"Top Reagan Economic Advisor: Return To Clinton-Era Tax Rates Would Not Hurt Economic Growth"
One of the most prevalent conservative mantras is that higher taxes kill job growth. Leading right-wing lawmakers have repeatedly used this belief to justify tax cuts for upper-income earners and oppose tax increases. In defending the Bush tax cuts for the richest Americans last fall, House Speaker John Boehner (R-OH) said he opposed “job-killing tax hikes.”
Yet the idea that higher taxes impede or retard economic growth isn’t generally backed up by the facts. Bloomberg News interviewed Joel Slemrod, who was is an economist at the University of Michigian and is a former senior economic adviser to President Ronald Reagan, about the issue. Slemrod pointed out that high tax countries tend to perform well economically and said that returning to Clinton-era tax rates in 2013 would not harm the economy:
“High GDP countries are high tax countries,” said Joel Slemrod, an economist at the University of Michigan’s Ross School of Business. “That doesn’t mean high taxes cause the high GDP.” […] Slemrod, who served as senior staff economist for President Ronald Reagan’s Council of Economic Advisers, said raising taxes today would be risky because the economy remains fragile. But given the economy’s performance in the 1990s, returning marginal rates to their Clinton-era levels in 2013, as Obama proposes, wouldn’t be, he said. “It’s just hard to say that’s the kiss of death for economic growth,” Slemrod said.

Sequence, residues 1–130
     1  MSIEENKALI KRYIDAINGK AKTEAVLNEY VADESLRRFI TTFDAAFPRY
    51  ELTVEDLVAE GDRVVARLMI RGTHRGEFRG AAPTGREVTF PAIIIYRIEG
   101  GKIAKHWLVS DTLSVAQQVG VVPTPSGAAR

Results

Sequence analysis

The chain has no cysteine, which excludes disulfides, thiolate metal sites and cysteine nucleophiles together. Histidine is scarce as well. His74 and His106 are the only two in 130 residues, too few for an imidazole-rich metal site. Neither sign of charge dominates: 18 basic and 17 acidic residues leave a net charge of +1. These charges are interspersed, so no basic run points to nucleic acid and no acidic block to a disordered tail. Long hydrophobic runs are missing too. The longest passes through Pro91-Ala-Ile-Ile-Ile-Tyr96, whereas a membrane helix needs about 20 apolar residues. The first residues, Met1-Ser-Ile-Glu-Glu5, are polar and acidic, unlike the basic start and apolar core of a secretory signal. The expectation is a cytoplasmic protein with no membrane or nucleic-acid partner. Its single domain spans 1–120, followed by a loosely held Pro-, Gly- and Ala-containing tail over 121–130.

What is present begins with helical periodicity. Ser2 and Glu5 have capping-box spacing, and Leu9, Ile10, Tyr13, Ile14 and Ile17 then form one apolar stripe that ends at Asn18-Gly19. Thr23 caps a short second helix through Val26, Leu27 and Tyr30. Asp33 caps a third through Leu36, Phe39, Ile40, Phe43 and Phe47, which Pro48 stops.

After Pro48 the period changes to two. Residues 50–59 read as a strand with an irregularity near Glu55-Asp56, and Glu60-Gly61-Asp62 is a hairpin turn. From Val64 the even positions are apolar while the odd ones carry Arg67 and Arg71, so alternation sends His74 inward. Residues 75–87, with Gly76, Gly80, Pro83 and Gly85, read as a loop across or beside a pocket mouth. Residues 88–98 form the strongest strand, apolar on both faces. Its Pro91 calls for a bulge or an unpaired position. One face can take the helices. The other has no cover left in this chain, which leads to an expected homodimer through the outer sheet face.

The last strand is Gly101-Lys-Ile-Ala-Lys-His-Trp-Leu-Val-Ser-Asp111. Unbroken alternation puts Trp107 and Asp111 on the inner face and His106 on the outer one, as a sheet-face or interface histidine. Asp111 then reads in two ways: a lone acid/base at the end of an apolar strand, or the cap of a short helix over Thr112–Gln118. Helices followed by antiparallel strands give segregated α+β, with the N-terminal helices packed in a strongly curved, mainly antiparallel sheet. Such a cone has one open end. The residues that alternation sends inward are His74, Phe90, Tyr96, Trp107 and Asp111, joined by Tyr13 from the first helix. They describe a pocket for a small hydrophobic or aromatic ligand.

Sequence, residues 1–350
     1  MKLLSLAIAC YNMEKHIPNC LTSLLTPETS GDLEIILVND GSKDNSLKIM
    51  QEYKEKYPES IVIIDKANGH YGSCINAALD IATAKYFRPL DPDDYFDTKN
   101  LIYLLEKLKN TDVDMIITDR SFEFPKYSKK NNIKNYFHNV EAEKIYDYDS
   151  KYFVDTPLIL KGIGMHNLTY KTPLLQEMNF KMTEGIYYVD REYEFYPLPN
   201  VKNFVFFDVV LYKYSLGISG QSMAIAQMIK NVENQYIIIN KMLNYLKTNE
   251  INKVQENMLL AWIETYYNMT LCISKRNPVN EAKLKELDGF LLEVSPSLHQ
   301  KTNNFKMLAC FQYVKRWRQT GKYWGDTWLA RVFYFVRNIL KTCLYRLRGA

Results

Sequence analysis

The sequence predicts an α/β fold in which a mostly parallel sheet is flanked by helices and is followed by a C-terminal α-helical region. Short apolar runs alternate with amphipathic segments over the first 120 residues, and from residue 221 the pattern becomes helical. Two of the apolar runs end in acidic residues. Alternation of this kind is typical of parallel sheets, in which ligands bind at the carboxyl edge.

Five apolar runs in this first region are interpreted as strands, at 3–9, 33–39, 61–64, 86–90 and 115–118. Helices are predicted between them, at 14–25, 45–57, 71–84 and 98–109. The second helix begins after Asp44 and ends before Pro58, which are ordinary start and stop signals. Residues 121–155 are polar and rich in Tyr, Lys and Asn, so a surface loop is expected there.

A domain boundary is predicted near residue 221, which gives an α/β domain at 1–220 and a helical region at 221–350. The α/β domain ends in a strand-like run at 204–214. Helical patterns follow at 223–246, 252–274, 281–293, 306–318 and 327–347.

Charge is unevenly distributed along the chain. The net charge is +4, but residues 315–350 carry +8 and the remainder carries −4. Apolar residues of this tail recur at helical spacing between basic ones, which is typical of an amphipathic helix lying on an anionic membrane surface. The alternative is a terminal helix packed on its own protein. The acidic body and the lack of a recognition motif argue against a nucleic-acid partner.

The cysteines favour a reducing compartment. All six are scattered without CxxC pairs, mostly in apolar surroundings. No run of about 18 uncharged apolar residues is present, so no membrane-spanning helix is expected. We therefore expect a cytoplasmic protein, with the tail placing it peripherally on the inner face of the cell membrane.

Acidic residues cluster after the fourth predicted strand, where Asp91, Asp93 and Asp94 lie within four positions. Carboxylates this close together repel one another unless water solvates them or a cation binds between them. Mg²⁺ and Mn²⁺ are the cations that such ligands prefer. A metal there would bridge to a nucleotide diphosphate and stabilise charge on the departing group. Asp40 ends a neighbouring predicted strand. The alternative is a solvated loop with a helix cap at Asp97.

In fact, Slemrod’s argument applies across the board. Historically, the United States has actually had some of its strongest periods of economic growth while taxes were high. As this graph from Slate shows, some of our strongest periods of growth in gross domestic product actually occured while taxes were very high:
In the 1950s, which had one of the sharpest periods of economic growth in all of American economic history, the top marginal tax rates for the richest Americans stretched above 90 percent. Likewise, economic growth in the relatively higher-taxed 1990s was much stronger than in the 2000s. This isn’t to say that higher taxes necessarily cause greater economic growth, but it does seem to show that higher taxes do not appear necessarily to be impeding job growth, nor are lower taxes especially helpful.